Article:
ASA rules against 'sexually explicit' student night adverts

By Helen Gilbert

- Last updated on GMT

Related tags: Leeds city council, Advertising, Asa

The adverts appeared to link 'alcohol with sexual activity'
The adverts appeared to link 'alcohol with sexual activity'
The Advertising Standards Authority (ASA) has banned ‘sexually explicit’ student night adverts by a Leeds nightclub event organiser.

Leeds City Council made seven complaints against Tequila UK over what it deemed ‘irresponsible advertising’ in the promoter’s marketing material for a student night at the Mezz bar in the city centre.

Code breach

The council claimed the content in advertisements published online breached the ASA’s advertising codes and said the material appeared to link ‘alcohol with sexual activity’, encourage ‘excessive consumption of alcohol’, use ‘sexually suggestive language and imagery and profanity’ and could be watched by people aged under 18.

The ASA found in favour of six of the seven challenges but did not uphold the complaint that the advertisements were ‘irresponsible, offensive and harmful, because they were sexist and promoted misogyny and the objectification of women.’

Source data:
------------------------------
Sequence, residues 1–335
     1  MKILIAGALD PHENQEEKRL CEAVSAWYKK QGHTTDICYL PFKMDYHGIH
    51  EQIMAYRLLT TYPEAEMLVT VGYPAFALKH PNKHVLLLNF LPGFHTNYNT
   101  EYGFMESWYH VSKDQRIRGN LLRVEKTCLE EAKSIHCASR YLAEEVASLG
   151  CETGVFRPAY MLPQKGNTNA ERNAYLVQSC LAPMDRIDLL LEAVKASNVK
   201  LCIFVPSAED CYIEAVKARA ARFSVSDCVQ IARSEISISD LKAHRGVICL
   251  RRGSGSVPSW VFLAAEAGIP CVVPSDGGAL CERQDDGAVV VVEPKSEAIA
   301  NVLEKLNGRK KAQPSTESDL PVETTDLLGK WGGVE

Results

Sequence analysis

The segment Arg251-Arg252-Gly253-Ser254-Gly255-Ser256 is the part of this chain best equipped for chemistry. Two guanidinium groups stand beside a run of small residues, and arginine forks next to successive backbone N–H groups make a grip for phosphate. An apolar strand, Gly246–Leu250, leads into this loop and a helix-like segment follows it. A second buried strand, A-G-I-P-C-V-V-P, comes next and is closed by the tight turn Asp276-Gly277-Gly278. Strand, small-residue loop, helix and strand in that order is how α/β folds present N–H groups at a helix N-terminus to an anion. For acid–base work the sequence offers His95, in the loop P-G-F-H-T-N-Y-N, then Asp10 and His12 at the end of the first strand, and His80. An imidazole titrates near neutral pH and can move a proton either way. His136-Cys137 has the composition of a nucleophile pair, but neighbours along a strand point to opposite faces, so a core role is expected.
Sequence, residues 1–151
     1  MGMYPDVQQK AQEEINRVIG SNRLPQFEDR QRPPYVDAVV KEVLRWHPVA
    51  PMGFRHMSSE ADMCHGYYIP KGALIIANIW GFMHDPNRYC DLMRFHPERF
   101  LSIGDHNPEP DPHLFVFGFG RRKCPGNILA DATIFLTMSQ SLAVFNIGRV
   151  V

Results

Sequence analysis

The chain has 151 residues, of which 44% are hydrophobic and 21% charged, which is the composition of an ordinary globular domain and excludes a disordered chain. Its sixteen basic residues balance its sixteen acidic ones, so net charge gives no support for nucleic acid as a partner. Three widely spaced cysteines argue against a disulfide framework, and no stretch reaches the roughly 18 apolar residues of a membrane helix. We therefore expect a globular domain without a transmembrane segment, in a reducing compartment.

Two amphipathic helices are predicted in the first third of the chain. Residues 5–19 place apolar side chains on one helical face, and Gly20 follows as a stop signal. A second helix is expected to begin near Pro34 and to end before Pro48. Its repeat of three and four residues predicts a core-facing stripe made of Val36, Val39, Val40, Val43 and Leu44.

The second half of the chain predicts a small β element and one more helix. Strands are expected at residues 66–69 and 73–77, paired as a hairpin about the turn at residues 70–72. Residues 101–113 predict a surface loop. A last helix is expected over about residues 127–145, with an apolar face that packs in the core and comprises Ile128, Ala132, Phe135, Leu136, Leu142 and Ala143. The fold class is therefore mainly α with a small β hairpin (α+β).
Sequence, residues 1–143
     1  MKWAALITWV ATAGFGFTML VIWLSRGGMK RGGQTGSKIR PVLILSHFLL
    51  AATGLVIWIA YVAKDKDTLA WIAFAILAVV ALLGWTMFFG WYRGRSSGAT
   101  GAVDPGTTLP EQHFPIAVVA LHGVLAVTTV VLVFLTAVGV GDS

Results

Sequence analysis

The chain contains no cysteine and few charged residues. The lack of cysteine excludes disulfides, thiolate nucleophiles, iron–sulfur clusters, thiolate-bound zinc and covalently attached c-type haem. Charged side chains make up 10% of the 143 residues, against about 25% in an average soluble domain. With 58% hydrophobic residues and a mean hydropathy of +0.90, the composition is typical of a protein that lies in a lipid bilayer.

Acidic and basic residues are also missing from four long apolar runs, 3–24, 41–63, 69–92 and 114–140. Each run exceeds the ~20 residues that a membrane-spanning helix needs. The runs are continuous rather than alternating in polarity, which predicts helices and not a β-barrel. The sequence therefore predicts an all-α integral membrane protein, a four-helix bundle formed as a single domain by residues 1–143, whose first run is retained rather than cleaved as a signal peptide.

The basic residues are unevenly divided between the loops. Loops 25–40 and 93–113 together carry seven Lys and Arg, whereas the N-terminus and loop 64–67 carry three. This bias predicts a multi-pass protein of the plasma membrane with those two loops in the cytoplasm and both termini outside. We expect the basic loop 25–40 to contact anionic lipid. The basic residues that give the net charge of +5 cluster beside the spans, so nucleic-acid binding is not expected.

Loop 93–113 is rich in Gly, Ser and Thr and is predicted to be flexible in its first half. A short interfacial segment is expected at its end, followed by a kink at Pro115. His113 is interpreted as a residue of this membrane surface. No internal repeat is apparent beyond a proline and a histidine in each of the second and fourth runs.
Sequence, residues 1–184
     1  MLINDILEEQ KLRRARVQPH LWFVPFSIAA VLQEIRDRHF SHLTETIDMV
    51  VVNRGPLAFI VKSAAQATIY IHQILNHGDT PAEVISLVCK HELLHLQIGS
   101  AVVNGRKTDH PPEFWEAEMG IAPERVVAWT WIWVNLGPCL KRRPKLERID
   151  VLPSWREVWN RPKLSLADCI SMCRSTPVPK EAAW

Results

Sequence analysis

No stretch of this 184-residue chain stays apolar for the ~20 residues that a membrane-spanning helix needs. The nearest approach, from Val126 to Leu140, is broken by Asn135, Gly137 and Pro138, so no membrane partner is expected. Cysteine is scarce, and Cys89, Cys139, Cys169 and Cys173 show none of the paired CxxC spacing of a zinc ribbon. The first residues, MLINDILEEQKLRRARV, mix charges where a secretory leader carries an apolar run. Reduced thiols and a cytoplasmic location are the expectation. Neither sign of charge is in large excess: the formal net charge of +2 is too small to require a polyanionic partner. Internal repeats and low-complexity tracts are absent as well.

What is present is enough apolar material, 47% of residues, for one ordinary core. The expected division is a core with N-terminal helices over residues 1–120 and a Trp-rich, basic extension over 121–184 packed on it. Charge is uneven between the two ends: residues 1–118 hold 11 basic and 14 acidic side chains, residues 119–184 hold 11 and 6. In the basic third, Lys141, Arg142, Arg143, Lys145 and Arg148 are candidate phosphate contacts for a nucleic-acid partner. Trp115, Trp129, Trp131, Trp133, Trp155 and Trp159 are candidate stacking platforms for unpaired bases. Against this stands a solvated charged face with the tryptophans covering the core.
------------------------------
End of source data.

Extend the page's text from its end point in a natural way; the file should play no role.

Tequila UK insisted that whilst the adverts may have been viewed by people aged under 18, they were not targeted at that age group. The promoter said the ads have since been removed or changed, and it has also removed all visible references to the consumption of alcohol by those aged under 25. It also ‘accepted’ that some ads ‘contained sexually suggestive language but believed that was not likely to cause offence.’

The ASA said: “The ads must not appear in their current form. We recognised the amendments made by Tequila UK to their advertising, but advised them to seek copy advice to ensure that all necessary changes were made.”

'This ruling should serve as a warning'

Graham Hyde, acting chair of Leeds City Council’s licensing committee, added: “We are pleased that the ASA has sought fit to agree with our complaints regarding this irresponsible advertising and has ruled that these adverts must never be displayed in public again. This ruling should serve as a warning to other club night organisers that we will take action if we feel that the public is being subjected to offensive and harmful advertising in our city.”

Tequila UK was unavailable for comment.

Related topics: Legislation

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